AI assistants are a hot topic these days. Chances are that you have already had an encounter with at least one of them, as a user or as a developer. In this post, I would like to talk about a stack of software called Rasa, which you should definitely include in your toolbox if you would like to build conversational assistants yourself.
In short, Rasa NLU and Rasa Core are two open source Python libraries for development of conversational AI. They are packed with Machine Learning and handle natural language understanding and dialogue management tasks. Most importantly, Rasa stack is easy to use, you don’t need massive amounts of training data to get started and it is perfectly suited for production.
I have been building chatbots with Rasa stack for almost a year now and it is safe to say, that it has been a tool that I have been the most excited about throughout that time. And here is why:
- It is open source. You own your data and you can hack things.
- It is developer friendly. You don’t even need to know Python to use it.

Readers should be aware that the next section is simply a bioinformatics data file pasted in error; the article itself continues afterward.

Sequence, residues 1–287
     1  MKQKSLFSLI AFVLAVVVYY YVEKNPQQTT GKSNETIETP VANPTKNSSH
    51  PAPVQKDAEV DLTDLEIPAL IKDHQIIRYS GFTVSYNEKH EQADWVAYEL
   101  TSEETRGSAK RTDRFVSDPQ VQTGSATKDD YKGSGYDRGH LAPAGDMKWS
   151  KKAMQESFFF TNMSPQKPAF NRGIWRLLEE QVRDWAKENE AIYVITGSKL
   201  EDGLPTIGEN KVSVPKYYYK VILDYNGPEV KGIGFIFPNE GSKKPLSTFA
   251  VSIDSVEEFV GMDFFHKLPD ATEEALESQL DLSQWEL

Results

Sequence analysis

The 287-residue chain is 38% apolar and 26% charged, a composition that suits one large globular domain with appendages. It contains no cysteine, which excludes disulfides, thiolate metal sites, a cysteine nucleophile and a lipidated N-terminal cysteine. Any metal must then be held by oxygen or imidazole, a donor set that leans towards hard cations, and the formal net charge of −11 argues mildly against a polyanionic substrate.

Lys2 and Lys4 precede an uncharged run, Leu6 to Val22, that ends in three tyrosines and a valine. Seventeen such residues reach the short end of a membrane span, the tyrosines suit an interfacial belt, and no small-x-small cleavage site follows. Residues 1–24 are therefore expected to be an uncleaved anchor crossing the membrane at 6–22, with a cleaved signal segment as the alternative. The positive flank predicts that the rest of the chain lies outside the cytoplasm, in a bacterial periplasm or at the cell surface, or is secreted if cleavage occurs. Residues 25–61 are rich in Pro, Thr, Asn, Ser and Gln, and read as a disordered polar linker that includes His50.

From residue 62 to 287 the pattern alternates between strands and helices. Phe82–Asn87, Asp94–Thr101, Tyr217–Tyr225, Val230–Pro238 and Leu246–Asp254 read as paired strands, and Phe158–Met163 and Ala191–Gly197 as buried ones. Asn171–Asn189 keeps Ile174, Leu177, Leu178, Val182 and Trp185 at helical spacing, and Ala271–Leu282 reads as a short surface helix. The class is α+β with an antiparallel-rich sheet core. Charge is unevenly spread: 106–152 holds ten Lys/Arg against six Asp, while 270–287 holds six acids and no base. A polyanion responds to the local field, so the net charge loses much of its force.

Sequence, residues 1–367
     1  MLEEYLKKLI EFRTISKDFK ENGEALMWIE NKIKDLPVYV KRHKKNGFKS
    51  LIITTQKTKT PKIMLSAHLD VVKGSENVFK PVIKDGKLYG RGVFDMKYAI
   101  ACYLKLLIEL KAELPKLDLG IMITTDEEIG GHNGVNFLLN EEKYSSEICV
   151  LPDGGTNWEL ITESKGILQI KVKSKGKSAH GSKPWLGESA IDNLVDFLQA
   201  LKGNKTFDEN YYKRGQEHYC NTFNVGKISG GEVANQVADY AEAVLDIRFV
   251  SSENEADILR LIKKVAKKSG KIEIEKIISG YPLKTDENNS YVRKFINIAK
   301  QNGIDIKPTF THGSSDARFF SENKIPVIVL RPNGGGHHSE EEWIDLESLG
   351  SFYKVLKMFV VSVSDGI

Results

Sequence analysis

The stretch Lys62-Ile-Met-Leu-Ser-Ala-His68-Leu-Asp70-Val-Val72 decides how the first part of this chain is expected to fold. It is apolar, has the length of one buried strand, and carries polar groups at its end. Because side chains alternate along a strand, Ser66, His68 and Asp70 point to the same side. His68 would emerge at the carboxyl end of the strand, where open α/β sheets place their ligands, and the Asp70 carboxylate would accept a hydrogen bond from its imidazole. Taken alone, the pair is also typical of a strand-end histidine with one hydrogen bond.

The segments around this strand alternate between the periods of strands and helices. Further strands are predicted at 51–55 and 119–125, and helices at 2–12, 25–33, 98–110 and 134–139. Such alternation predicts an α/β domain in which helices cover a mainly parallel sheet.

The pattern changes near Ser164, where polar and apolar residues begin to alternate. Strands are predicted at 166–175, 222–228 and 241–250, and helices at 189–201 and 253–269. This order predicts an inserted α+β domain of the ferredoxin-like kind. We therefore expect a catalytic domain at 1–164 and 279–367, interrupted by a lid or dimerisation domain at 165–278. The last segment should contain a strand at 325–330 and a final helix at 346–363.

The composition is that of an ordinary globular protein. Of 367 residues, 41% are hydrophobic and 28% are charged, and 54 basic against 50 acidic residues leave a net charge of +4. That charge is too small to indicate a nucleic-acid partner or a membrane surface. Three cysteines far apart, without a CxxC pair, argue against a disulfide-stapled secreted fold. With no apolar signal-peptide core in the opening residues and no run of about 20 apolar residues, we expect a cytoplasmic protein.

- It has an awesome community and highly involved developers. If you have any issues, just post a message on Gitter and someone from Rasa team or other developers will help you out.
- It is a great example of how applied research can be shipped to practice and empower thousands of developers around the world.
So… With all that in mind, I decided to make a tutorial on how to create a chatbot using Rasa stack completely from scratch. It is going to be an exhaustive tutorial, with a deep dive into Python (if you don’t code in Python, don’t get discouraged – check the Rasa documentation of how you can do it all without any Python whatsoever). I am going to build a simple Slack integrated weather bot, called Frank. I highly encourage you to follow along so grab a cup of tea and let’s build some chatbots! 🙂
Update: The devs of Rasa NLU and Rasa Core are doing an amazing job updating and improving these libraries. Since I recorded this tutorial there were quite a few things introduced to Rasa NLU and Rasa Core which brought some changes in how some things should be coded. To keep this video consistent with the code, I updated requirements.txt file so that it would install Rasa NLU 0.11.4 and Rasa Core 0.8.2 – the versions which I used when I recorded the tutorial. If you want to use the latest releases of NLU and Core, you can find this directory which contains the tutorial code, compatible with the latest releases of these libraries (keep in mind, that the code will slightly differ from the one shown in the video).